A quick online search reveals that The Aces have been boxed into every female musician stereotype there is. Girl gang, girl group, girl band, you name it. But with the upcoming release of their second record Under My Influence, the four-piece are coming out fighting.
Catching up with Music Week via Zoom from their homes in Provo, Utah and Los Angeles, California the band cut straight to the chase. “We played a show in St Louis, Missouri a couple of years ago and someone from the crowd yelled, ‘You’re lucky you guys are hot.’ I was like, ‘This is still happening?’” recalls lead vocalist Cristal Ramirez. “This girl in the crowd was like, ‘Fuck you!’ and got them kicked out, which was really cool [laughs]. But, there’s still a lot of work to do. We want to keep getting on stages so as many people [as possible] have eyes on us as women who play instruments.”
Fighting off social constraints is nothing new for The Aces – completed by Cristal’s sister Alisa on drums, guitarist Katie Henderson and bassist McKenna Petty – who grew up in the conservative city of Provo, and this record is their most vulnerable yet. It’s been two years since the release of their debut When My Heart Felt Volcanic, and now they have “more life and relationship experience” to draw on. Documenting Cristal and Alisa’s queer experiences was the first step. “To take it out would be to censor ourselves or to dull it down so people didn’t know the full story,” explains Alisa. “We weren’t interested in doing that this time.”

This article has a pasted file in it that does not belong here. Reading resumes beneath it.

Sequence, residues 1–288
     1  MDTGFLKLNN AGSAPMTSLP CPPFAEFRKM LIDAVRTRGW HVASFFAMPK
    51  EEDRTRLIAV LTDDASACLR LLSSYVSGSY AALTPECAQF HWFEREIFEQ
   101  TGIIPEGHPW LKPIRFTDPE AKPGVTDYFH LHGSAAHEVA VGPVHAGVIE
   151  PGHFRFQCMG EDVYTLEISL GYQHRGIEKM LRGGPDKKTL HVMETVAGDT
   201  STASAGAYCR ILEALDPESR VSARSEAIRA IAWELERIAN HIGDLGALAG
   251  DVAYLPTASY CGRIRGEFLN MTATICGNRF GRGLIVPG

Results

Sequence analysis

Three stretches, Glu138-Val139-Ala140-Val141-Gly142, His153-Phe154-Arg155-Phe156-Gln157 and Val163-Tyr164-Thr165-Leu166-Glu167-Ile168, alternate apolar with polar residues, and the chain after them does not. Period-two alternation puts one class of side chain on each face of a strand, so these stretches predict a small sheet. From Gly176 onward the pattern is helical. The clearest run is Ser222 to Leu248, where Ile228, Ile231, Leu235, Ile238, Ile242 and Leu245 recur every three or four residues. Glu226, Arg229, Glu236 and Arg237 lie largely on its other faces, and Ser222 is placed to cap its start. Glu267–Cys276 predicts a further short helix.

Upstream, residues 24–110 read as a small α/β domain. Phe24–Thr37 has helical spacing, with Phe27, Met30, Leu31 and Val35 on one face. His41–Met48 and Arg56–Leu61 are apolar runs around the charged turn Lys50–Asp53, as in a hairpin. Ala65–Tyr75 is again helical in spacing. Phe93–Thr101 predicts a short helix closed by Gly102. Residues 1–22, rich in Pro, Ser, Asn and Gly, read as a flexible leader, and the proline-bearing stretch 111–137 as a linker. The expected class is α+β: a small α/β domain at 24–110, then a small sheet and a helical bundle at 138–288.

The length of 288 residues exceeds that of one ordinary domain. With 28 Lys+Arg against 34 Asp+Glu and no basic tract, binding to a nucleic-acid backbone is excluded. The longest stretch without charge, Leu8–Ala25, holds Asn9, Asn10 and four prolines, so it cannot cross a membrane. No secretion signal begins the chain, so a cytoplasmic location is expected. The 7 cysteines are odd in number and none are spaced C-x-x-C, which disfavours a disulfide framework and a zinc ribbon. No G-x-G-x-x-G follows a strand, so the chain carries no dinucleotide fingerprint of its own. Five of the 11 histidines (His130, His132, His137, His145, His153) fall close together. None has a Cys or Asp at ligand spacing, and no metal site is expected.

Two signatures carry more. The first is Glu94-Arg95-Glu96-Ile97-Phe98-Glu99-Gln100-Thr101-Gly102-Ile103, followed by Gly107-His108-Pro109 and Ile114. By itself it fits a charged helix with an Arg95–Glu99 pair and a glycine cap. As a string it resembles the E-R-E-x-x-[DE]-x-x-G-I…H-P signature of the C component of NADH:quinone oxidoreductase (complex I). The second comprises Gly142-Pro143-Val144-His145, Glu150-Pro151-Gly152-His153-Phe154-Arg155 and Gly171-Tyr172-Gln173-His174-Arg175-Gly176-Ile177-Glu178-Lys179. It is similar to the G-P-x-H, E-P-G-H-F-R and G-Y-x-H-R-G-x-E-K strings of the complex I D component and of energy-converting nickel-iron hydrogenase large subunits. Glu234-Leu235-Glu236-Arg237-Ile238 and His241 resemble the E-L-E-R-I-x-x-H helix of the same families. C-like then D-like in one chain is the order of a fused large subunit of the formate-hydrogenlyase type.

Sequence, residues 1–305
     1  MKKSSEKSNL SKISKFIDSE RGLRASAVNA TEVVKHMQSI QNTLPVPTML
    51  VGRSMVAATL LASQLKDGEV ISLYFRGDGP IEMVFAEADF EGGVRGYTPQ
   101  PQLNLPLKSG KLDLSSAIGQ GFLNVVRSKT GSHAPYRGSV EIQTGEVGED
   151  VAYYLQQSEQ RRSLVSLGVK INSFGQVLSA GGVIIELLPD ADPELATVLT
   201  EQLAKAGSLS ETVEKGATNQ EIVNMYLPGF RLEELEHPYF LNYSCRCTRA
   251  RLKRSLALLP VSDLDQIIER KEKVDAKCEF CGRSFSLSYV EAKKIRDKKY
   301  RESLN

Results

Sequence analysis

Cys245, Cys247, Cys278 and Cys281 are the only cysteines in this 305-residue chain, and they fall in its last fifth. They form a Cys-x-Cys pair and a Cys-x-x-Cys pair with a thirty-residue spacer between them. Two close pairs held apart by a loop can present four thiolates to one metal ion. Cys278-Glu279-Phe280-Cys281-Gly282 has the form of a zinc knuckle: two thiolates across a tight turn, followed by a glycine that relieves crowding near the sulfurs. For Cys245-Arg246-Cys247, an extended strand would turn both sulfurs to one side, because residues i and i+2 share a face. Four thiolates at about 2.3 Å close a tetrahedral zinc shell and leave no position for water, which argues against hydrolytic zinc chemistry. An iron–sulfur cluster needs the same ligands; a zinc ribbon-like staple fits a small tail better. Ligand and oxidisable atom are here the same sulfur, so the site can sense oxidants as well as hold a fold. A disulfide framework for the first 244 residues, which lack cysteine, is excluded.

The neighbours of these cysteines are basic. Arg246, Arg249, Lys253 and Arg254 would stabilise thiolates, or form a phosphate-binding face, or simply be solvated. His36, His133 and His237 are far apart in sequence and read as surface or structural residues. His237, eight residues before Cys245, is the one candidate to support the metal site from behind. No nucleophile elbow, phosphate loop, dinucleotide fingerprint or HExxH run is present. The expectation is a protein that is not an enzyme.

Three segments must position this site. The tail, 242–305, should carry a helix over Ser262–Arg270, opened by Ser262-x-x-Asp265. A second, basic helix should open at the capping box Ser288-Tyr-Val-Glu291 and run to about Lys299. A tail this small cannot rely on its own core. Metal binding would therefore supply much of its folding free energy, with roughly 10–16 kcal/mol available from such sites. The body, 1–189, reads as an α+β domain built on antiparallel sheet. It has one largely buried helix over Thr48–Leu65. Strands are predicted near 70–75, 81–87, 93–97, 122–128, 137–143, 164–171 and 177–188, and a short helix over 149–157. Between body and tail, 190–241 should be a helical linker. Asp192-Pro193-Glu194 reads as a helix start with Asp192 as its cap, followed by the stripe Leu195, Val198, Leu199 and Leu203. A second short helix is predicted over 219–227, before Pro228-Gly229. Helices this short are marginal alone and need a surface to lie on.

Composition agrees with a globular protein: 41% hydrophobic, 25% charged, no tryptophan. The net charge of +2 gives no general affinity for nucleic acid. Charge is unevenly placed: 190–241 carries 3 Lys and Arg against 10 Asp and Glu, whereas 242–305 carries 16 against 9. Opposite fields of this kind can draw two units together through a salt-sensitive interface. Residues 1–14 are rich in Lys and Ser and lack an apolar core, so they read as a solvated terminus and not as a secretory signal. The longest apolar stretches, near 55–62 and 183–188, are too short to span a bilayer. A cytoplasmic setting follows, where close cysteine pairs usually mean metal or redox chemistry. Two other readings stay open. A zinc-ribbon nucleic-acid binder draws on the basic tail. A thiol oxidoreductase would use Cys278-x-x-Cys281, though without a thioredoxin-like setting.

From lyricising Utah’s repressive culture on sultry blues track 801, to examining mental health on raw pop anthem My Phone Is Trying To Kill Me, the record is an open journal.
“I’ve been surprised to see our fans just absolutely loving it and totally accepting it. It’s been really nice. Or maybe the haters are just staying quiet?!” jests Alisa.
“We wanted to make something really different and to challenge the idea of what The Aces were and could be and I think we’ve done that, so I feel really proud,” beams Cristal.
We’re not interested in censoring ourselves
Lockdown has brought its own challenges, which the band have met with full force; making a DIY music video and texting it to fans, starting a ‘digital wellness tour’ and playing an acoustic set for MTV. “Nobody knows the right way to do it, so the world is our oyster and anything is possible,” says McKenna.
With more than 3.5 million streams across its three singles so far, this might just be the record that ensures the world gets to know The Aces. “Seeing the fans’ responses has been really inspiring and when I wake up they are my biggest motivation,” says guitarist Katie. “People need things to look forward to because there’s so much going wrong, so it’s been awesome to give fans the music.”
Locked indoors, using video calls to work on new music and looking forward to what lies ahead has had the band in a state of reminiscence. They’ve been scrolling through old iPhone photos, tirggering memories of shows past. “My whole life’s most cherished moments have been with this band and I have so much emotion looking through all the amazing things we’ve done together as four best friends,” says Alisa. “It’s been such an amazing ride.”
So what’s next for this burgeoning alt-pop band? Not content with dreams of taking their music “to as many countries as possible”, The Aces want to transcend planet earth entirely. “The first gig on Mars...” offers Cristal, allowing McKenna to finish her sentence. “There’s no coronavirus there!”
PHOTO: Julian Burgueno